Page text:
As you no doubt recall, if you've been following this blog, Rosetta's Philae comet lander made a successful (and eventful) landing on Comet 67P on 12 November 2014. After a non-nominal landing it found itself in an unfortunate location and in an unusual attitude such that the performance of its solar arrays was critically compromised. As a consequence, once its batteries were almost exhausted, little Philae entered an automatic process which placed it into a period of hibernation - and I would have guessed that that would be the last we'd hear from it. The only hope was that as the comet moved closer to the Sun on its orbit, the sun's intensity and the lander's temperature would increase, making it at least possible that the batteries would recharge.
Well, much to the surprise of the ESA scientists and engineers, Philae 'spoke' briefly for 85 seconds, the signal being received at 20.28 UT on Saturday 13 June 2015 at the European Space Operations Centre. Among other things, it indicated that its temperature was a balmy -35 degrees C, and it currently had 24 W available from the solar array. The simple brief message suggests that Philae may yet recover from its long sleep. The comet is not yet at perihelion (the closest approach to the Sun - which occurs on 13 August). So hopes are high that Philae's work is not yet done.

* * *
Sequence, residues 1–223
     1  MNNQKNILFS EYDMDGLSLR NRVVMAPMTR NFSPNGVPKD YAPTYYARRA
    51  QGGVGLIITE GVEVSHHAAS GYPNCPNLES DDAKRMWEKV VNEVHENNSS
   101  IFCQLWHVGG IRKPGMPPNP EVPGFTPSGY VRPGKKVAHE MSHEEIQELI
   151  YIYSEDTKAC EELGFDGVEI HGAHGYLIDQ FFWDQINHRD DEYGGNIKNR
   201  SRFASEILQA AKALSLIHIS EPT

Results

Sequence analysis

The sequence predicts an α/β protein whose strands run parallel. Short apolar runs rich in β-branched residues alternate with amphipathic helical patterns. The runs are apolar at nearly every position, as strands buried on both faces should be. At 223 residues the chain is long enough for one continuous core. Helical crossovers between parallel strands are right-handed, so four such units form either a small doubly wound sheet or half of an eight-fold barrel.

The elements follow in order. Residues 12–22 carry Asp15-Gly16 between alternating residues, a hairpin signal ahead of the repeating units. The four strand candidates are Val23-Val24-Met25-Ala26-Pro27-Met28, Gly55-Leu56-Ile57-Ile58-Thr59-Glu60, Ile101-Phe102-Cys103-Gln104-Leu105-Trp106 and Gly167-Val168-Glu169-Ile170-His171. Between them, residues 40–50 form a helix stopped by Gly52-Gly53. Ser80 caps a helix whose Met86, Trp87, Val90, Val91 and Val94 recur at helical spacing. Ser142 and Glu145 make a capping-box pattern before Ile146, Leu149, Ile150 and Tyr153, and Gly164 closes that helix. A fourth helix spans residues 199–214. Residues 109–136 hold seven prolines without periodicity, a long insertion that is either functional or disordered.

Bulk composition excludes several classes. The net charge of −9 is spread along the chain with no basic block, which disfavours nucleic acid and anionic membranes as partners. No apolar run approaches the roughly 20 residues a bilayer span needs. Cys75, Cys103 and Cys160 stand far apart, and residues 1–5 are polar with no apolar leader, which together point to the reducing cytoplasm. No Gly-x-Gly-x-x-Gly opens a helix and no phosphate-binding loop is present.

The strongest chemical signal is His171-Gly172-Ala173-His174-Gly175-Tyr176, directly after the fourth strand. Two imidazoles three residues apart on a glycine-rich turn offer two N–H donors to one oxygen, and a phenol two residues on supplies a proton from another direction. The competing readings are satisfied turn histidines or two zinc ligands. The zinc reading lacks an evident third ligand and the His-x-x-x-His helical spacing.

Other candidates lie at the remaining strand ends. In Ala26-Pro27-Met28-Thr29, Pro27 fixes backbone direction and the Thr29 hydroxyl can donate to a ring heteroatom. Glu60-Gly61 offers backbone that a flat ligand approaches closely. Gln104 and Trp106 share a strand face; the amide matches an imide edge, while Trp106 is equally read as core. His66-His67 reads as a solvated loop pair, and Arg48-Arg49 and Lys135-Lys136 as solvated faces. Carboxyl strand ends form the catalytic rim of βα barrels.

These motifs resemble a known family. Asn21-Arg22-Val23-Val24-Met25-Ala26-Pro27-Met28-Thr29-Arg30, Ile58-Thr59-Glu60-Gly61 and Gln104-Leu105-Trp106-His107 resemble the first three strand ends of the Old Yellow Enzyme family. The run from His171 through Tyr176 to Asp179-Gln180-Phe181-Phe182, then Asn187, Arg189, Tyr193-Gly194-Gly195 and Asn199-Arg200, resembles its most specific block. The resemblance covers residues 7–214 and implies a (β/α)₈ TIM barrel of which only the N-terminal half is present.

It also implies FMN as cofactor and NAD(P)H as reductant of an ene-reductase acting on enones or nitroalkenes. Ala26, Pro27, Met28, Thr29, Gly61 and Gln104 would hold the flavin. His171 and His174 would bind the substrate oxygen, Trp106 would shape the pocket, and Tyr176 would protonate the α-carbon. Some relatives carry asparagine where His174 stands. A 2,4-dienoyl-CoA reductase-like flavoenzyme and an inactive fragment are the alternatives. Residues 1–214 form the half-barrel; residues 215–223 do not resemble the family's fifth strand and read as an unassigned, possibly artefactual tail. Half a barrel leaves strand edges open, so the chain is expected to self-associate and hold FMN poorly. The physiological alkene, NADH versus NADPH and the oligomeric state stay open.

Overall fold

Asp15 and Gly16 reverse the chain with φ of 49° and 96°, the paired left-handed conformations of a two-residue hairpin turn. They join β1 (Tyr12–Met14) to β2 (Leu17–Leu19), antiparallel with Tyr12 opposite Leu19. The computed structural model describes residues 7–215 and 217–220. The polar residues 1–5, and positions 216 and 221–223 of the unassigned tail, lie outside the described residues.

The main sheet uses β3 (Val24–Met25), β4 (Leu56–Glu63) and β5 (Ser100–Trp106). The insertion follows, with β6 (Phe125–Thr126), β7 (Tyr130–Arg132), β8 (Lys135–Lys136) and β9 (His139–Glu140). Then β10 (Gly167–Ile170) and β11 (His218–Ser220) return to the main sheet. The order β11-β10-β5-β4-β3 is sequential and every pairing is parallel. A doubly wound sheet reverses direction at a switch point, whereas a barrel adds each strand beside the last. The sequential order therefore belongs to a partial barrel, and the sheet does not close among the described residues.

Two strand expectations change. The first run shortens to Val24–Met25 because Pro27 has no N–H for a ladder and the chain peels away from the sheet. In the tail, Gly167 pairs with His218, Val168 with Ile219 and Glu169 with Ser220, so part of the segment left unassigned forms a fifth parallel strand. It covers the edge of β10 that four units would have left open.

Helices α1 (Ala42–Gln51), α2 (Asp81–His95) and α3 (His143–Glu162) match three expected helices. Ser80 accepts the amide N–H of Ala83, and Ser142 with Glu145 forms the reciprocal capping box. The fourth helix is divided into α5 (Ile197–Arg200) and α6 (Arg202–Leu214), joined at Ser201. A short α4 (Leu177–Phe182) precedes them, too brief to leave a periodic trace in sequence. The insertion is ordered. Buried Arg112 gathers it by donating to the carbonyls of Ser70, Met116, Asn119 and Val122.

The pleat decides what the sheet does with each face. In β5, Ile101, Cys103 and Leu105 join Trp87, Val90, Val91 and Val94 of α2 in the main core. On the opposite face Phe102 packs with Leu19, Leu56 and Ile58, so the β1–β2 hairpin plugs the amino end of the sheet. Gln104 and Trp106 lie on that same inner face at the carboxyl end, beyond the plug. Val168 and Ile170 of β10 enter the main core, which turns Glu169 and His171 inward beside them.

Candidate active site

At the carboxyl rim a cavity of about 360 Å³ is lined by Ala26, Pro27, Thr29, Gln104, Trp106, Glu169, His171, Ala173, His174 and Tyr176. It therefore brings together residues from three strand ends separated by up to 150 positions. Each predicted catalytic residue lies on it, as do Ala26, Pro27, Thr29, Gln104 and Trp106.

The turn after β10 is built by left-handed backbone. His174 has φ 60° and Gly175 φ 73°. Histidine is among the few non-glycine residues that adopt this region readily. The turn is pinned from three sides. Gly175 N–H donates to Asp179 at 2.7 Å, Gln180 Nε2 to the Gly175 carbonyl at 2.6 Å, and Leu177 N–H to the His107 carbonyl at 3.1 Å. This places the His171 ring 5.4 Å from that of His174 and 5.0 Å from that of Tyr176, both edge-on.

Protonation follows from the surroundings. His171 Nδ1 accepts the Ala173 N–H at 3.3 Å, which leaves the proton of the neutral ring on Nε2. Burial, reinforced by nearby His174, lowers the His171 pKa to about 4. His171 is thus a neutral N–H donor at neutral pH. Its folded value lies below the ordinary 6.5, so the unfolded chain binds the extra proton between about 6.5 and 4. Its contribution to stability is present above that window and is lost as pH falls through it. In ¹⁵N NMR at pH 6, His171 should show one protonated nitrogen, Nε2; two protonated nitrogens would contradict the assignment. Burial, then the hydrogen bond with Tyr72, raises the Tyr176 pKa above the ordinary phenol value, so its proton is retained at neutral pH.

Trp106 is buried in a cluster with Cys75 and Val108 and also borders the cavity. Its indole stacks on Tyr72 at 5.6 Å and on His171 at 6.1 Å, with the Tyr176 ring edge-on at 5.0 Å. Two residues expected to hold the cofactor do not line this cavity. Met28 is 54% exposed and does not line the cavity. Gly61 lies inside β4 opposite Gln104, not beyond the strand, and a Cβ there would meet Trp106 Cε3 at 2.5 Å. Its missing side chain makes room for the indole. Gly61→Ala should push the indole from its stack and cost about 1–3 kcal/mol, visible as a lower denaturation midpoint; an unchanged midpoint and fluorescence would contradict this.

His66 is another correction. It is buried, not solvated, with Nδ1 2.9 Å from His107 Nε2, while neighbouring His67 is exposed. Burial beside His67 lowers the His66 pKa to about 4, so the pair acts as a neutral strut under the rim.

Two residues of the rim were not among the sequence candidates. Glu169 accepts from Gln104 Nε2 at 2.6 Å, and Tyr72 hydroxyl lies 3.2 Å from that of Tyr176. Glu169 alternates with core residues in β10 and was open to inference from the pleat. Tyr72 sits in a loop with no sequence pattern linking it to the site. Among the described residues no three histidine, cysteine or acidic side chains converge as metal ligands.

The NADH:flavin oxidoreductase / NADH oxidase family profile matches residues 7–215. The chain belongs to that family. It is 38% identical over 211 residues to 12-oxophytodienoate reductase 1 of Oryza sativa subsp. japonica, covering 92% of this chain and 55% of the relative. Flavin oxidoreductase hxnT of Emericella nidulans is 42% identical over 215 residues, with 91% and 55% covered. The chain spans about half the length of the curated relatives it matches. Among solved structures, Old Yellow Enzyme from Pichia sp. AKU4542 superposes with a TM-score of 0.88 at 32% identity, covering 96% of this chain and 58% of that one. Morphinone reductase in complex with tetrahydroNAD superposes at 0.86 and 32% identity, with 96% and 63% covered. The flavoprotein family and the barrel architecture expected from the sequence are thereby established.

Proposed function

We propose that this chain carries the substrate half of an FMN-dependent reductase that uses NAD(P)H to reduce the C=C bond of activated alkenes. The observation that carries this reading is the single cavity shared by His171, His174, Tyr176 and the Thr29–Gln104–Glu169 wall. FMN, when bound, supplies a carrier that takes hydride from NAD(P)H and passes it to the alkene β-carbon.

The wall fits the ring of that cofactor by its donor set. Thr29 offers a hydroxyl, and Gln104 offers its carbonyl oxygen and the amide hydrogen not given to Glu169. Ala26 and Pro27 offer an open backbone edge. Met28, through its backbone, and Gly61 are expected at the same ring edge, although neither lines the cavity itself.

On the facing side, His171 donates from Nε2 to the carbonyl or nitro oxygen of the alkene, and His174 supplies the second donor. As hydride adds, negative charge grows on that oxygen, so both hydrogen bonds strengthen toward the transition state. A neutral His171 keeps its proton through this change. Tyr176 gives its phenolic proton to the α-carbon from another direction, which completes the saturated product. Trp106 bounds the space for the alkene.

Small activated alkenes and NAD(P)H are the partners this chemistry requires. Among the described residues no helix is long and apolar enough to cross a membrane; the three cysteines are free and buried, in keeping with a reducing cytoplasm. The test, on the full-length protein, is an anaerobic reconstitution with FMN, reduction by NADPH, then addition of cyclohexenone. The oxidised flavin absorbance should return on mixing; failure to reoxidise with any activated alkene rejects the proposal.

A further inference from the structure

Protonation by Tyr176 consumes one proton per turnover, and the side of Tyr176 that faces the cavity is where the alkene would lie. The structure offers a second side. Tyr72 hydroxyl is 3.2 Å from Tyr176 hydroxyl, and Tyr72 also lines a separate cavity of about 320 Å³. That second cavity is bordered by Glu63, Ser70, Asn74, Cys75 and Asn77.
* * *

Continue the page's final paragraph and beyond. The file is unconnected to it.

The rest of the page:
In the mean time, the 'mothership' Rosetta continues to orbit the nucleus, imaging and recording every detail as the nucleus begins to warm up .
Graham Swinerd - I hope to use this page to highlight current major events in space and spacececraft.